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Commentary

Researchers Lawrence Mishel and Alyssa Davis at the Economic Policy Institute released some pretty amazing new numbers today on the growth in American CEO pay over the last few decades:

“Over the last several decades, inflation-adjusted CEO compensation increased from $1.5 million in 1978 to $16.3 million in 2014, or 997 percent, a rise almost double stock market growth. Over the same time period, a typical worker’s wages grew very little: the annual compensation, adjusted for inflation, of the average private-sector production and nonsupervisory worker (comprising 82 percent of total payroll employment) rose from $48,000 in 1978 to just $53,200 in 2014, an increase of only 10.9 percent. Due to this unequal growth, average top CEOs now make over 300 times what typical workers earn.

Although corporations are posting record-high profits and the stock market is booming, the wages of most workers remain stagnant, indicating they are not participating equally in prosperity. Meanwhile, CEO compensation continues to rise even faster than the stock market.

In order to curtail the growth of CEO pay, we need to implement higher marginal income tax rates and promote rules such as “say on pay.” At the same time, we need to implement an agenda that promotes broad-based wage growth so typical workers can share more widely in our economic growth.”

Ah…the genius of the free market.

Click here to see their data in the form of some powerful graphics.

Commentary

Be sure to check out Chris Fitzsimon’s “Monday Numbers” column this morning. It will quickly disabuse you of any notion that North Carolina’s hard turn to the political right has been helpful to the state’s key indicators of success. For instance:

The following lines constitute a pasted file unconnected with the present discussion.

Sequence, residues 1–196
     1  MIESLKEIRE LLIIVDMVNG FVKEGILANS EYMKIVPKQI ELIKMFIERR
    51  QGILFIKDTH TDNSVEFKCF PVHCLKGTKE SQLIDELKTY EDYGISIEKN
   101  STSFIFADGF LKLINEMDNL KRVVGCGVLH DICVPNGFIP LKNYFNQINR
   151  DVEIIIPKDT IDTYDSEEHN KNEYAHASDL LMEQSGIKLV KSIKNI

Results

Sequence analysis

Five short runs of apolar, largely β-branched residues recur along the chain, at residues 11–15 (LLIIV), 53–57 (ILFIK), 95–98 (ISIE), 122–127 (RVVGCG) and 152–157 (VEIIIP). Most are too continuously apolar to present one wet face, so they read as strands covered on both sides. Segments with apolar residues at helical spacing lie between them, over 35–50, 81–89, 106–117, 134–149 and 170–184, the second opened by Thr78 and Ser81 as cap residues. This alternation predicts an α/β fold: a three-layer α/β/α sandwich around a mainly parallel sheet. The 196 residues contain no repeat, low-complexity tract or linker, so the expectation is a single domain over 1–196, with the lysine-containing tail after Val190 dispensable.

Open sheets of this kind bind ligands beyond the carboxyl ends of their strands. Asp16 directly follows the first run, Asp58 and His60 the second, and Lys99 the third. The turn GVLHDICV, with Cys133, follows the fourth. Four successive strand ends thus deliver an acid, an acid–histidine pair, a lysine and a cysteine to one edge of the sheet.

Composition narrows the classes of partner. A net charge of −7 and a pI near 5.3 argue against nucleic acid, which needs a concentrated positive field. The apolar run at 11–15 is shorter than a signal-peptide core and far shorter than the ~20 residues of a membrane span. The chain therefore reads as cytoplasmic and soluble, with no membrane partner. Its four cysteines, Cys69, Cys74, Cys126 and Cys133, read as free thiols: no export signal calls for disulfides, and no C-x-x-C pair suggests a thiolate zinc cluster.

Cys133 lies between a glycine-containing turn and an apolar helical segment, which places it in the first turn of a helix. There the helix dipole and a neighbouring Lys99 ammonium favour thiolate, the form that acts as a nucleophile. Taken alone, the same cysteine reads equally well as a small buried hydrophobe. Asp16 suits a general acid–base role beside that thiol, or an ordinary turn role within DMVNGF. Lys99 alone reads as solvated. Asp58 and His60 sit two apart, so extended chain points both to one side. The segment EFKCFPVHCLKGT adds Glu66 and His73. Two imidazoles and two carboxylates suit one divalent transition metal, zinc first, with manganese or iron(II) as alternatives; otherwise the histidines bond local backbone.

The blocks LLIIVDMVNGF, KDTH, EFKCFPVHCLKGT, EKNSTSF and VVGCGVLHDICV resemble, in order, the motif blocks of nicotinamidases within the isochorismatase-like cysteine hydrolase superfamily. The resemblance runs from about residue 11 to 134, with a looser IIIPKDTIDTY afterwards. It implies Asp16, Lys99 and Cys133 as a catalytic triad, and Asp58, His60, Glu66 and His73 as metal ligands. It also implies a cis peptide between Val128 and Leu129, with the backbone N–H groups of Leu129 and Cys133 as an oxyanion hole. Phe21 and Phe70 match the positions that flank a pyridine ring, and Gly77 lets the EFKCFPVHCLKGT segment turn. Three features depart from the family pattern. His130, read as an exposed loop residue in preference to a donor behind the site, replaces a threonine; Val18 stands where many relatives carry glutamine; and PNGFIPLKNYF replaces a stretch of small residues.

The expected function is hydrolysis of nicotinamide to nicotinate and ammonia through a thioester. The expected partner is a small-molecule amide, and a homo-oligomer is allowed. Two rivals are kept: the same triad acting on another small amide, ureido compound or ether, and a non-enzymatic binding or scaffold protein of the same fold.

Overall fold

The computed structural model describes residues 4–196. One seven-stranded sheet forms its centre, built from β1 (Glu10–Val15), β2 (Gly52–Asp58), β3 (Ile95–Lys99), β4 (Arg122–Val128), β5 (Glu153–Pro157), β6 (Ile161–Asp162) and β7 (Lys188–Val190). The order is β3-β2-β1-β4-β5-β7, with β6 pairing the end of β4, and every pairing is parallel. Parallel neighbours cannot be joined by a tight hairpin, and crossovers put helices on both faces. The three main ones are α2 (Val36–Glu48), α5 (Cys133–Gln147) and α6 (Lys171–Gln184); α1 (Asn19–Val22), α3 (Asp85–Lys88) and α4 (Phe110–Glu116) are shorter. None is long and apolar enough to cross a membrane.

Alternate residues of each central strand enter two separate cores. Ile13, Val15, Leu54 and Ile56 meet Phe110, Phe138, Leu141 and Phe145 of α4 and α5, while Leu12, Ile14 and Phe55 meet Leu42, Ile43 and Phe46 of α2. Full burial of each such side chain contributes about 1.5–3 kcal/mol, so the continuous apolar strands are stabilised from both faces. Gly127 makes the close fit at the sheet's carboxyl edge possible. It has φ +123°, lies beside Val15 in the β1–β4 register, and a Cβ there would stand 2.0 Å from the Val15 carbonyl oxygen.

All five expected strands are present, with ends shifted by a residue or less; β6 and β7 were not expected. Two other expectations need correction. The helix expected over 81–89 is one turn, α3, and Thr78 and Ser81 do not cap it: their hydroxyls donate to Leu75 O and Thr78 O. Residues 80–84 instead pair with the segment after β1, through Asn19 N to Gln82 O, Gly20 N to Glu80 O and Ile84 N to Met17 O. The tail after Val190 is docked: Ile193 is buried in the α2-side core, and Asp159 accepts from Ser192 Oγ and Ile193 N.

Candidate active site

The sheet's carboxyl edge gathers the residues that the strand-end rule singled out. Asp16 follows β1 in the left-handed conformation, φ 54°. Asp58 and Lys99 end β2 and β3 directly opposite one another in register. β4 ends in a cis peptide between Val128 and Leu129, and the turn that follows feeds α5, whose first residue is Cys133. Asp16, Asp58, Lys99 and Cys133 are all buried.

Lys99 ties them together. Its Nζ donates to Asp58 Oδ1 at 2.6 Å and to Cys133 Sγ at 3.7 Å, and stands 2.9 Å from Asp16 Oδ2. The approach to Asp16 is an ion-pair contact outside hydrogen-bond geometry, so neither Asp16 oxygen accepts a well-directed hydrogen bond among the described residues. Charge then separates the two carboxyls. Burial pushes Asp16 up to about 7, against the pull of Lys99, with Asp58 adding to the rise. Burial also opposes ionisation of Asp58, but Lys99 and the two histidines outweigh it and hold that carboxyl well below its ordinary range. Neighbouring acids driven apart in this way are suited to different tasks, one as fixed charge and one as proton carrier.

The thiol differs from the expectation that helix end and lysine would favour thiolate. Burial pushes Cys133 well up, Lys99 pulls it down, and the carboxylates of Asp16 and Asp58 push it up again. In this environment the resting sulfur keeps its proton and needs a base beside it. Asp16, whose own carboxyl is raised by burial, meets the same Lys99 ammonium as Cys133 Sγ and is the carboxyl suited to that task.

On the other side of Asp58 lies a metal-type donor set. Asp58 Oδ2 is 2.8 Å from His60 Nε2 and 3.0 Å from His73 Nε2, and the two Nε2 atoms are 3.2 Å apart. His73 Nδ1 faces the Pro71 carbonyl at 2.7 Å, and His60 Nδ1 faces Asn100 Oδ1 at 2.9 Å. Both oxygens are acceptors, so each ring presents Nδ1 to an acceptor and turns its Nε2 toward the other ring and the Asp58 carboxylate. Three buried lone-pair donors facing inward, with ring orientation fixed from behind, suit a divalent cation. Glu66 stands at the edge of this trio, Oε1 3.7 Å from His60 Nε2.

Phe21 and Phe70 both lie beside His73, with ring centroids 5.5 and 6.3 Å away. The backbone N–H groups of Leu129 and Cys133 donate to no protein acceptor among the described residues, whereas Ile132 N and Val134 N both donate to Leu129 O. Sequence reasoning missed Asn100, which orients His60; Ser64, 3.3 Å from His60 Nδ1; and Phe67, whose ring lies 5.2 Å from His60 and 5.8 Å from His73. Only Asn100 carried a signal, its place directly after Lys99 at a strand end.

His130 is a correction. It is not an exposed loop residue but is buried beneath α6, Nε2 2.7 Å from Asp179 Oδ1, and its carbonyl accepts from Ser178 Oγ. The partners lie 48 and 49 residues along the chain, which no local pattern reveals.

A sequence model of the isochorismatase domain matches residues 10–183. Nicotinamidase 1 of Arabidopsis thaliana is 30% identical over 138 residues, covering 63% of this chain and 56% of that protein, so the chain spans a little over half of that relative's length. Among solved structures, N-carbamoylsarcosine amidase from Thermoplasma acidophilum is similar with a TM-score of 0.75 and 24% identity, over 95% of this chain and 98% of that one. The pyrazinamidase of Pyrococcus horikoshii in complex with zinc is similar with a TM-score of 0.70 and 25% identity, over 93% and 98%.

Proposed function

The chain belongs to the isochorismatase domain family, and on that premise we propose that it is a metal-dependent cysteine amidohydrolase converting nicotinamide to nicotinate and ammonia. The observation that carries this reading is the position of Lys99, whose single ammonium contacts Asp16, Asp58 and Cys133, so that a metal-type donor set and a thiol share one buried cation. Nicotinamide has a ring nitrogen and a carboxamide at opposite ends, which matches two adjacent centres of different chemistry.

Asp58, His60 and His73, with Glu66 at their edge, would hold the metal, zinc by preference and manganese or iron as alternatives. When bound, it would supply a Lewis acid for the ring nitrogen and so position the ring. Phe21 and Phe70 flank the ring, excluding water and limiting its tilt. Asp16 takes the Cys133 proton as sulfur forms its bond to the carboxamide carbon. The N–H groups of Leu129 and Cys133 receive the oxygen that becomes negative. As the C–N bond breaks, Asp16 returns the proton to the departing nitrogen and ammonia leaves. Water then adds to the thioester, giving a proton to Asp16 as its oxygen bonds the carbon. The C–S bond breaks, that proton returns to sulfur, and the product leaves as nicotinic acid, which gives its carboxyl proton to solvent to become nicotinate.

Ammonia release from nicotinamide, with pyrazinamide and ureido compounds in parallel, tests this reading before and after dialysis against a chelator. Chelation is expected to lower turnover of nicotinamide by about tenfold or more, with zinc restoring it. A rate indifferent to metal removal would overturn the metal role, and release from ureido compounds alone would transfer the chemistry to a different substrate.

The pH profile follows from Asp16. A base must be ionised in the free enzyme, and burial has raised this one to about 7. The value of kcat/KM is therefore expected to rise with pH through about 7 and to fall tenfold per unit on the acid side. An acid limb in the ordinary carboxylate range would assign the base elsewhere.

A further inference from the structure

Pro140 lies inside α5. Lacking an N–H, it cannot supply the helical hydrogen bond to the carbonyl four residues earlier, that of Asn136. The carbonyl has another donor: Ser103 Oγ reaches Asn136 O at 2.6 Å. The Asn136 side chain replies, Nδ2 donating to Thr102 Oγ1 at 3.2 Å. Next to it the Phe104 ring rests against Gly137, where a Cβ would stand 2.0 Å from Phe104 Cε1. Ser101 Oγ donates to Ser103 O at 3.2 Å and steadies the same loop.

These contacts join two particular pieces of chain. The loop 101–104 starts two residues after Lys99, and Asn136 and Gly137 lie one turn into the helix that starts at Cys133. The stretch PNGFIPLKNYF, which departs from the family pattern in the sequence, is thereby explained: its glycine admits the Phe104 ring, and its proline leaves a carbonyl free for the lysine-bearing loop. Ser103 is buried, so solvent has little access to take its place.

1.1 billion—amount in dollars of the latest estimate of cost of the 2013 tax plan in the 2014-2015 fiscal year by the Institute on Taxation and Economic Policy (Ibid)

66—percentage of tax cut passed by the 2013 General Assembly that will go to the wealthiest one percent of North Carolinians (“Final tax plan pits at risk what makes North Carolina great,” N.C. Budget & Tax Center, August, 2013)

940,000—amount in dollars of annual income of wealthiest one percent of North Carolinians (Ibid)

14.5—percentage reduction in per pupil spending in North Carolina from 2007-2008 to 2014-2015 when adjusted for inflation (“Most States Still Funding Schools Less Than Before the Recession,” Center on Budget and Policy Priorities, October 16, 2014)

Read the entire column by clicking here.

Commentary

The maddening data on wealth inequality in America have now gotten so ridiculously out of hand that the headline for this post really does sum up what ought to be the single, defining issue in today’s election. For confirmation, check out the following amazing graphic from the good people at Inequality.org.

Wealth inequality

Commentary

In case you missed it, the Associated Press is reporting new and disturbing news (click here to see the article in the Greensboro News & Record) about the impact that the nation’s mushrooming economic divide between the rich and everyone else is having on education:

Education is supposed to help bridge the gap between the wealthiest people and everyone else. Ask the experts, and they’ll count the ways: